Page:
Monday, April 2, 2012

#BookReview: Point, Click, Love - Molly Shapiro

It's supposed to be fun, it's supposed to be sexy.  I missed that memo, because it's neither.  Don't get me wrong, it's not horribly bad, it's just not fun or sexy.  I get that authors and publishers are on the hunt for the next Sex and the City.  This so is not that.

Set in the Midwest, Kansas City to be exact, Point, Click, Love is the story of four unlikely friends whose ages range from early 30s to mid 40s.  And before someone accuses me of being anti-Midwest, let me point out that I live in St. Louis and I've been to Kansas City, Missouri AND Kansas.  There is nothing sexy about Kansas City, though the barbecue is to die for.  No really, check out Gates BBQ the next time you're there.

Recently divorced Katie is a banker who wants to get back out on the scene.  While she doesn't miss being married, she realizes that she does miss sex.  Armed with a laptop and a mouse pad, she takes on Match.com, Craigslist and a local dating site in hopes of getting her groove back.

A high powered PR guru, Claudia can be a bitch.  She knows it and her husband knows it, but he's okay with it so why should she worry?  Steve has been out of work for a few years and Claudia is tired of carrying the load by herself.  To add insult to injury, not only is he not looking for a job, he spends hours daily on Facebook talking to other women.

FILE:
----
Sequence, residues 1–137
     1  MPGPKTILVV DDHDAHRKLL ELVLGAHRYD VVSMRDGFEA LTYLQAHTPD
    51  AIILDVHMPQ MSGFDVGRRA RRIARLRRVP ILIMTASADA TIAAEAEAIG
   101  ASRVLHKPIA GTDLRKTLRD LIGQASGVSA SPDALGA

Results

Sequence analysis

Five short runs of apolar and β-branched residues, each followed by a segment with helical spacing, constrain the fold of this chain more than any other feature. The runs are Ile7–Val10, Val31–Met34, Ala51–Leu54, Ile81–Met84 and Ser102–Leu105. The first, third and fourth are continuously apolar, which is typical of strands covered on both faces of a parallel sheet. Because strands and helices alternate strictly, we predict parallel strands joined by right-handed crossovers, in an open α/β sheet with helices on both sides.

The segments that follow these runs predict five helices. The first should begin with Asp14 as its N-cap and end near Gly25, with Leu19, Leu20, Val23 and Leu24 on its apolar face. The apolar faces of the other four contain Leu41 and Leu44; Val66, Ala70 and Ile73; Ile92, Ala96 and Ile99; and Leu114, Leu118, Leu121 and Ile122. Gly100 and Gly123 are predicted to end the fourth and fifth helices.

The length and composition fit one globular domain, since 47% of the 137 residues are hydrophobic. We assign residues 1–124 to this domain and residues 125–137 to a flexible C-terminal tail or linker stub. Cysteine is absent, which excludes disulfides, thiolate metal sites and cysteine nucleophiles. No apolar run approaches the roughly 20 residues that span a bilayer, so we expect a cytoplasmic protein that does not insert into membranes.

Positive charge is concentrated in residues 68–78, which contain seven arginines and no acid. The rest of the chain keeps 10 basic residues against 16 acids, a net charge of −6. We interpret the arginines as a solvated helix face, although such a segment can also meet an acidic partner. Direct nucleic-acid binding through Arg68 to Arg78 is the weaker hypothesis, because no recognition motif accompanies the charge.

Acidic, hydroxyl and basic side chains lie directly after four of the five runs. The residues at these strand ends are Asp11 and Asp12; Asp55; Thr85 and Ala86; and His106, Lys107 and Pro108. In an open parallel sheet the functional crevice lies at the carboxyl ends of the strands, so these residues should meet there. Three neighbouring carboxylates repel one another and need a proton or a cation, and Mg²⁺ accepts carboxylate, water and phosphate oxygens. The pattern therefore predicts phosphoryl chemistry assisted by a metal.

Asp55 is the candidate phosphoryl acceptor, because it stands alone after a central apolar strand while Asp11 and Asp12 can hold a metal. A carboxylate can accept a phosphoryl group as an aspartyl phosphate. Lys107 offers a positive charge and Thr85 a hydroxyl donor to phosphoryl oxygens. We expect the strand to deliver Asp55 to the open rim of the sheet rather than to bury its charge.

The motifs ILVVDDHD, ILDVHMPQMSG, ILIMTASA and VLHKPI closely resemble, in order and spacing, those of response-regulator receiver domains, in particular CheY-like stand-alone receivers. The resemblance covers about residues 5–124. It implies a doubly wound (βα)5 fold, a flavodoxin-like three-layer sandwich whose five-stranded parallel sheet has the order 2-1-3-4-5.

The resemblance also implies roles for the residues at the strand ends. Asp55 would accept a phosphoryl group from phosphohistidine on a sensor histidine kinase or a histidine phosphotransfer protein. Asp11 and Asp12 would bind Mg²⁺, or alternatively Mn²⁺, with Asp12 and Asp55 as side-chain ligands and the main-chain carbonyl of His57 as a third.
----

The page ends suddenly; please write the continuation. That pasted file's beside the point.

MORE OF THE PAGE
East coast transplant Annie moved to Kansas City to work for Sprint after completing her education at Yale and Wharton.  You would think she'd be bored with life in the Midwest, but she's enjoying it.  The realization that she wants a child sends her to the Internet on a search for the perfect sperm donor.

Maxine has a gorgeous doctor husband, the perfect kids and a burgeoning career as an artist.  Things haven't been very spicy in the bedroom lately.  Browsing stories of celebrity antics on the web do more than keep her entertained, it's her newest obsession.

While each woman's story is okay, there was nothing to really tie them together.  The author has them meet at a book club occasionally or at a bar, but there's nothing here to make you truly believe that these women are friends.  For example, all of the other women are or have been married and have children.  Annie has no prospects and no kids.  The author explains it by saying Annie prefers to have friends with kids. Um, why?  She doesn't offer to babysit her friend's kids. She doesn't seem to be into kids at all until she decides she wants to have one.  So why would she go out of her way to friend women with kids? Makes no sense.

It was just hard to figure out why any of their paths would have crossed.  Kansas City isn't THAT small. If you're looking for a quick and easy read that doesn't make you think too hard, this is the book for you.







272pp
Published: December 2011

 

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